The COVID-19 pandemic has already changed the normal way of doing business for many producers, and now it is also making it more expensive to erect new farm buildings.
In a website post this week from Farm Credit Canada, senior appraiser Eric Lemaire and Olivier Biron, manager, valuations, noted that in the past few months, the price of lumber for wood frame construction and manufacturing of products for construction and renovation has risen significantly - doubling from June to September 2020.
That increase is being felt in all sectors, including agriculture, with those building categories in which wood is more commonly used the most heavily affected. For example, a multi-storey broiler barn could cost up to 30% more to build now than it did last spring. On the other hand, a hog feeder barn with a partial concrete structure may only cost 5 to 10% more, the pair said.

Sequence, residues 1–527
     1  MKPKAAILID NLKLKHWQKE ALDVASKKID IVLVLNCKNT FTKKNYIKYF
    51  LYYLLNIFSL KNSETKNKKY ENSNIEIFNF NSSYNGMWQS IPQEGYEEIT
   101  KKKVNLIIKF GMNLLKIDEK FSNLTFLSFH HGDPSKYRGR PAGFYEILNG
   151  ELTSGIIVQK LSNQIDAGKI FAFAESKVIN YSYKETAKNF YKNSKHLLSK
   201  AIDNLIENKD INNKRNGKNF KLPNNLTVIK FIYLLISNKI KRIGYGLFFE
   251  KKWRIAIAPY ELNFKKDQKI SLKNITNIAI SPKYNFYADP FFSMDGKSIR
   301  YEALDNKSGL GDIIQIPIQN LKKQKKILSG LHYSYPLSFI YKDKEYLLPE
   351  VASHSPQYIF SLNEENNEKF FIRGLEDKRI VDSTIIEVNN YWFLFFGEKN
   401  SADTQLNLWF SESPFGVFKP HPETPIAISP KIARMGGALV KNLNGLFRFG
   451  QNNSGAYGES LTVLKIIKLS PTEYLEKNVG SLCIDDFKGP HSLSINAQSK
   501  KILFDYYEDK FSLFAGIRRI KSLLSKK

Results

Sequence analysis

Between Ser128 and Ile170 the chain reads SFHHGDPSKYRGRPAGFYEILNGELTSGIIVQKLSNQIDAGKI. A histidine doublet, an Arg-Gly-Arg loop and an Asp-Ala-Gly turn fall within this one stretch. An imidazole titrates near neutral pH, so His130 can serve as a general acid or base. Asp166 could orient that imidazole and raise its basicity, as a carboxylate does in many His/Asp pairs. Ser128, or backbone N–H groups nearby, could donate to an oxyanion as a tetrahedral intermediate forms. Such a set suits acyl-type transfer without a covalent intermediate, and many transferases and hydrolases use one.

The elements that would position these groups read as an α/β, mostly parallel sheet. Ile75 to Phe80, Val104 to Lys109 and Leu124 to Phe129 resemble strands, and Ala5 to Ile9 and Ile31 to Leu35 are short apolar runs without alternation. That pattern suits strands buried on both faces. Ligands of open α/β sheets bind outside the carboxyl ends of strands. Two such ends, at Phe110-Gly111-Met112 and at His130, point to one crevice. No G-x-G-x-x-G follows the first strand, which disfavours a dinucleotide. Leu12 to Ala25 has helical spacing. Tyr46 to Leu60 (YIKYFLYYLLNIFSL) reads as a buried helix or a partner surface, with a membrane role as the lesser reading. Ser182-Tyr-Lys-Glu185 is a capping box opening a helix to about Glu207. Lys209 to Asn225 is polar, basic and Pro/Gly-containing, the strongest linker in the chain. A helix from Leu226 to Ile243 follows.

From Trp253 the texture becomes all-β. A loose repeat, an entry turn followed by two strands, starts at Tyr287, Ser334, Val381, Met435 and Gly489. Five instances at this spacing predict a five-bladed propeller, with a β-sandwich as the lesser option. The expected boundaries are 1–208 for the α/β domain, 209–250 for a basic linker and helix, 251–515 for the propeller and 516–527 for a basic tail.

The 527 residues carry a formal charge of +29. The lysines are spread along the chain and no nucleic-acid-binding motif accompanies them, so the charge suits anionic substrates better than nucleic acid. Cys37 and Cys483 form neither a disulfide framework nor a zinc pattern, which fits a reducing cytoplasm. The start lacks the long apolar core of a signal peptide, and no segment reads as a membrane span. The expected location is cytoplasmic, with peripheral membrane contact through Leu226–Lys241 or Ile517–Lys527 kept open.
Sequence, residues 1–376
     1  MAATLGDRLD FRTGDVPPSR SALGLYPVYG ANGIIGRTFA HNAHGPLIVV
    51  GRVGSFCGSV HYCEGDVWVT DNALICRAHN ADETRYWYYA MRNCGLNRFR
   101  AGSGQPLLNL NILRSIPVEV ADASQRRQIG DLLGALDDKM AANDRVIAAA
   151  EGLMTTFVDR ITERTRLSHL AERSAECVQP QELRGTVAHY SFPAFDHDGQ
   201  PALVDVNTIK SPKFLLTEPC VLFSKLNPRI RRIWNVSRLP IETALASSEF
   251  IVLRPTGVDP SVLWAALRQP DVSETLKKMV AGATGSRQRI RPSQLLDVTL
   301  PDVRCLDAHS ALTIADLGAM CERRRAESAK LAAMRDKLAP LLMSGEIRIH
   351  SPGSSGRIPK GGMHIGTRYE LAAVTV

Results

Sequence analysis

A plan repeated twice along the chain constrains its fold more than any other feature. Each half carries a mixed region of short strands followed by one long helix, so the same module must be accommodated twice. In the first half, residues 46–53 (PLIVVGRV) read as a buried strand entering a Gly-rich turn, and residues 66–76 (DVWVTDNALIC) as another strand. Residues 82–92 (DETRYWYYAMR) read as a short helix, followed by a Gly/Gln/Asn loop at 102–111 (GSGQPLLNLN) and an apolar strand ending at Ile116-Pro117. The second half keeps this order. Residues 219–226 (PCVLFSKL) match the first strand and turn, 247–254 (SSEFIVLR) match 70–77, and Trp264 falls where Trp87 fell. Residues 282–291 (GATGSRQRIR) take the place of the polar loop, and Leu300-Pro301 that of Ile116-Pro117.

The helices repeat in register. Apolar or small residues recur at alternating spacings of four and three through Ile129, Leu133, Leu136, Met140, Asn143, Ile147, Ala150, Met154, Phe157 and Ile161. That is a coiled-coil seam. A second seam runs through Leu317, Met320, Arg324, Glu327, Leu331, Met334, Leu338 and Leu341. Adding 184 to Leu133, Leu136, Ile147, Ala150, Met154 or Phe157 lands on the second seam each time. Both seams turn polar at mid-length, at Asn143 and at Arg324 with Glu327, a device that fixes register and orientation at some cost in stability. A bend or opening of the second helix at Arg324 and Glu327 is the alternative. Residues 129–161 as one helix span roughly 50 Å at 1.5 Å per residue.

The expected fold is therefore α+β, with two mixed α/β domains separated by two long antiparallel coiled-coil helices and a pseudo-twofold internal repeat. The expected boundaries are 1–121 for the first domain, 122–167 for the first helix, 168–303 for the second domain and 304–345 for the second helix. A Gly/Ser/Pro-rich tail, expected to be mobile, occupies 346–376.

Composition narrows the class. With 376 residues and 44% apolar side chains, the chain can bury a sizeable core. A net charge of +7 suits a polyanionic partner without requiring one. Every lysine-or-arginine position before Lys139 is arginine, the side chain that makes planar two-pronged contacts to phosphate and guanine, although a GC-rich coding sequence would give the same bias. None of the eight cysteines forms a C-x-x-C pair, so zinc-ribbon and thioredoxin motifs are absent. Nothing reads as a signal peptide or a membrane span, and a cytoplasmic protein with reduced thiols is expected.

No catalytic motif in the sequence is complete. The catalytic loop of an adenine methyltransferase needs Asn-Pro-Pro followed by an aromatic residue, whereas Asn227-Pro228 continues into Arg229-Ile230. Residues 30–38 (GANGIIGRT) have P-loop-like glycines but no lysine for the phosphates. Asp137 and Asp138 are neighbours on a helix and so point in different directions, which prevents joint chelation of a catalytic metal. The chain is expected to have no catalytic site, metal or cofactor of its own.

According to Lemaire and Biron, the lockdown that came at the start of the pandemic led to a boom in construction and renovation projects, resulting in an unexpected increase in lumber demand. With lumber mills also forced to curtail production due to the pandemic, a supply and demand imbalance resulted, forcing prices sharply higher.
Other factors are also at play in rising construction costs, they said, said, such as labour shortages, new social distancing rules on construction sites and a scarcity of other materials.
Although it’s impossible to hedge against every risk of price fluctuation, Lemaire and Biron said some strategies are available to cope with the lumber price increase, including potentially delaying the intended project if possible, and exploring other, less costly building materials.
Source: DePutter Publishing Ltd.
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